Everyone has an opinion on the best way to govern a country, and some have even looked to Jesus’ Sermon on the Mount for answers to political upheaval. Let's study Jesus’ teachings to the disciples and find it wasn’t intended for use in the political arena.
Opinions vary on what Jesus’ Sermon on the Mount is supposed to mean for us today. Let's look at the common misuses of this teaching.
When Jesus came to earth, He didn’t do things the way people expected. But according to the “Discover the Word” team, Jesus not only set God’s kingdom in motion, He still reigns in our hearts today!
Translating the Bible from Greek and Hebrew into English is a daunting task. Some English words just don’t do the original context justice!
When you hear the phrase, “Blessed are the poor in spirit,” you may be left with a few lingering questions. What does it really mean? And does it even apply to us today? Let's answer these key questions.
The deeper we go into a relationship with God, the more we see how profoundly we need Him! Let's look at the beatitude, “Blessed are the poor in spirit.”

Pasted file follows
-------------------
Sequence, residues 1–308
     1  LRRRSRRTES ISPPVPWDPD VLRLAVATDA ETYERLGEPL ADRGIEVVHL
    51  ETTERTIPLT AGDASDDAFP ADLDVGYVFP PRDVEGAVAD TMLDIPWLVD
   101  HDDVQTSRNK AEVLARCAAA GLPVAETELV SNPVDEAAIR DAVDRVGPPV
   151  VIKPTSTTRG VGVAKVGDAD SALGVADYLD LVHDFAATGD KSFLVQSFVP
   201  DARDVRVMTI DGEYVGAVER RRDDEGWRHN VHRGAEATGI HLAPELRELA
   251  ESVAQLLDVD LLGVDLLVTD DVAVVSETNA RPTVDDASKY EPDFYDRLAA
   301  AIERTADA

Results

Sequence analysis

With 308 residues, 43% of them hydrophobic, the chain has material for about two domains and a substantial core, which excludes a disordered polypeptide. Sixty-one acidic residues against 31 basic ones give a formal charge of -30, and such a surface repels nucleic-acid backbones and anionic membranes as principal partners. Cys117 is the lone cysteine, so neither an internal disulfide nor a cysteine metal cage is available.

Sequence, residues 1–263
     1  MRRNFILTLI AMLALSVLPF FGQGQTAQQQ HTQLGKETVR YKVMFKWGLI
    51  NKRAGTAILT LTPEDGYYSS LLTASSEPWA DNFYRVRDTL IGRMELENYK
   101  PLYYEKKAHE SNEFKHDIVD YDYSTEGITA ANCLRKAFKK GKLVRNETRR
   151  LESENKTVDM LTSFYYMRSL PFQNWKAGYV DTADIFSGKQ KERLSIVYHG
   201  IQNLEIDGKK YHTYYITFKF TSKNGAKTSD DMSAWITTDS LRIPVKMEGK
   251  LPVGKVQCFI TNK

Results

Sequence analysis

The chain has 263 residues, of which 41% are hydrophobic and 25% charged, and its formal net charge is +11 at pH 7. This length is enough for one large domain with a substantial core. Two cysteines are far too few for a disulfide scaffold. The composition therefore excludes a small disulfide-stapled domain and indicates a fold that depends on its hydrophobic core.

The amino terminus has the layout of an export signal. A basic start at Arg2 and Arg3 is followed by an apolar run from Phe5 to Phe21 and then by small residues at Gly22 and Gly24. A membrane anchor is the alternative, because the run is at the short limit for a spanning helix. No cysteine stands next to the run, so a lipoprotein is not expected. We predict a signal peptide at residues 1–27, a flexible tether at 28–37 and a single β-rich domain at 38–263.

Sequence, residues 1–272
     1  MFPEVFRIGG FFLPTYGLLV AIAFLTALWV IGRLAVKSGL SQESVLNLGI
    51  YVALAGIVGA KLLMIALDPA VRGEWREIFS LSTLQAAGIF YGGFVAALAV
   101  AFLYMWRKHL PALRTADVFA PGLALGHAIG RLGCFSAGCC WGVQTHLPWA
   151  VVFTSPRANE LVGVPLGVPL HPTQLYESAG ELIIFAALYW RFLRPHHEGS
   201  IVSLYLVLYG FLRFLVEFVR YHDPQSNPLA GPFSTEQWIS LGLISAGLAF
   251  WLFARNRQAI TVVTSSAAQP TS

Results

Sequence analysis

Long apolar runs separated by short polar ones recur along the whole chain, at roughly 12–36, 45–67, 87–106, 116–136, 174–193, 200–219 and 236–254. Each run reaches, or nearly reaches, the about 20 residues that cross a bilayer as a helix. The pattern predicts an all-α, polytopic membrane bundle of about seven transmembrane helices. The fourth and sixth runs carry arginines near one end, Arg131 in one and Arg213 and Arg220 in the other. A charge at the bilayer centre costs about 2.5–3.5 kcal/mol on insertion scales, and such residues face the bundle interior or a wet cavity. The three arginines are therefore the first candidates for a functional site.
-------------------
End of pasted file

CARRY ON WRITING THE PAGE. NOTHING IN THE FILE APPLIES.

In Jesus’ teaching known as the Sermon on the Mount he began by saying, “Blessed are the poor in spirit, for theirs is the kingdom of heaven.”
When we’re in the process of mourning, whether for a loved one or perhaps the loss of a dream, it’s not easy to see the blessings of God. And yet, in Matthew chapter 5, Jesus says, “Blessed are those who mourn, for they will be comforted.”
We all go through periods of mourning, whether it’s the loss of a loved one, or the pain of a broken relationship. Let's reflect on the passage, “Blessed are those who mourn, for they will be comforted.”
We all want to say the right thing to someone who’s dealing with the loss of a loved one. We’ll learn that our presence means more than well-intentioned words.
There’s a lot of suffering and heartache in the world. And if we focus on its brokenness for too long, it’s easy to lose heart. Let's study the beatitude, "Blessed are those who mourn, for they shall be comforted." No, the world isn’t a perfect place, but there is hope!